ow did your ethanol perspective play into the new strategy?
When I left my previous company I had learned enough about the biofuel industry to base any decision for starting the next company on five essential criteria. First, I wanted to have better control of the supply and pricing of my feedstock—similar to an oil company owning the oil down the hole. Second, I wanted to have flexibility in the products I made. You don’t control the price of corn or the market, and you don’t control the products you make with ethanol, because the technology only enabled you to make ethanol and ddgs.
Third, I wanted to find a technology that was truly scalable today. Fourth, I wanted to find a technology that was much more sustainable for future production capacity. And then food vs. fuel was the final requirement—I didn’t want to make fuel at the expense of food.
After looking at the cellulosics and not finding one that met all five, algae became the only technology I investigated that met all five conditions. The Mars family had the same perspective—algae had the potential to make a genuine difference.
When you first got together with the Mars family, what was the business model you were looking at?
We were looking at a jet fuel product and a single feed product coming off the back end. Aside from becoming a jet fuel producer, the Board recognized we were going to discover other opportunities as we scaled the system up to the next level, so we literally had the strategy to discuss it again in nine months, after we had completed the demonstration scale-up. That was part of the business plan for 2011.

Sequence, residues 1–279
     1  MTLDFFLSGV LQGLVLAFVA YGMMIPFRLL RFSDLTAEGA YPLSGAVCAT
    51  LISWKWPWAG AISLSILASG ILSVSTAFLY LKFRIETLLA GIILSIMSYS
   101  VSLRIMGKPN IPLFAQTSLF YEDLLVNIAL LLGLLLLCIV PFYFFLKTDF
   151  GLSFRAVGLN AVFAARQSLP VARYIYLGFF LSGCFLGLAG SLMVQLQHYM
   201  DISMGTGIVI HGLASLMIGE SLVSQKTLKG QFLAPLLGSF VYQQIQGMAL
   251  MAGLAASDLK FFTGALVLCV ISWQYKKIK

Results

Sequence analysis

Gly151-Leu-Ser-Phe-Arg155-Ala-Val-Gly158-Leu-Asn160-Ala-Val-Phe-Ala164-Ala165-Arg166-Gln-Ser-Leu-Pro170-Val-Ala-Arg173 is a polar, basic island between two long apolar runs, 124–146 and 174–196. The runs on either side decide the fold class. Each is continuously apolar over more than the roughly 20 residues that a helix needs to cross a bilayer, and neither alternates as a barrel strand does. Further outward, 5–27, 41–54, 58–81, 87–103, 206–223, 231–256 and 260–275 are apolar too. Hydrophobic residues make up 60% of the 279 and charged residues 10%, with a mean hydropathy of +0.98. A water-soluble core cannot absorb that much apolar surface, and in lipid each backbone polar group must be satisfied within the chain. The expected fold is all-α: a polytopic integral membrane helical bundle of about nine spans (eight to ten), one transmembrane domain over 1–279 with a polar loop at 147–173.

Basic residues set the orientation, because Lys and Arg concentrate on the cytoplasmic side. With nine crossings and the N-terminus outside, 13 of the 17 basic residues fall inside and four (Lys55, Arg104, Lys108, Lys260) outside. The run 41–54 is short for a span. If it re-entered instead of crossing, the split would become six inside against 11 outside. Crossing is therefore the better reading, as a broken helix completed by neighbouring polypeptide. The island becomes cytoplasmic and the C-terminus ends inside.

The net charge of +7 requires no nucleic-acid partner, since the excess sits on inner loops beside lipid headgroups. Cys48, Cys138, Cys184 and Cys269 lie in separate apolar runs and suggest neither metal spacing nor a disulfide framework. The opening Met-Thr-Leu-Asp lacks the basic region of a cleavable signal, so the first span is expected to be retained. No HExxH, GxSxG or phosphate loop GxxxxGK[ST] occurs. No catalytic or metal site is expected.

So the demonstration facility was built to sample different product possibilities, and then the focus would follow?
That’s what we’re doing right now. The whole goal was build a complete strain-to-tank demonstration plant, learn what has the greatest potential on a commercial scale, then define a product mix. Within the last month or so we completed build-out on the full demonstration facility and are now operating it—making algae jet, algae-based diesel, algae-based chemicals, algae-based carotenoids and omega-3s, and all kinds of other valuable products.
Are these being produced with panel reactors on those two acres?
As we evolved through various types of growing systems we saw that the panel reactors were too expensive to be commercially viable, even though we got incredibly high quality algae. So what we’ve done in our fourth generation of design is develop something that is as inexpensive to build as a pond, but has the productivity and contamination values of a panel reactor.
So what is it?
It’s a precision greenhouse, which we call an “oasis.” Think of it like a long, covered, farming trough—and it can be a closed or semi-closed system. No paddlewheel—we’re going as low energy as we can. To agitate the water we’re using a mechanical flow system.
We’ve developed an instrumentation and control system that has an algorithm that tracks multiple variables, including all the nutrients, and continuously harvests. The harvest procedure is quite simple. Based on the density of the algae it pumps it into another tank. We dewater it, then extract it and then we hydro-treat it.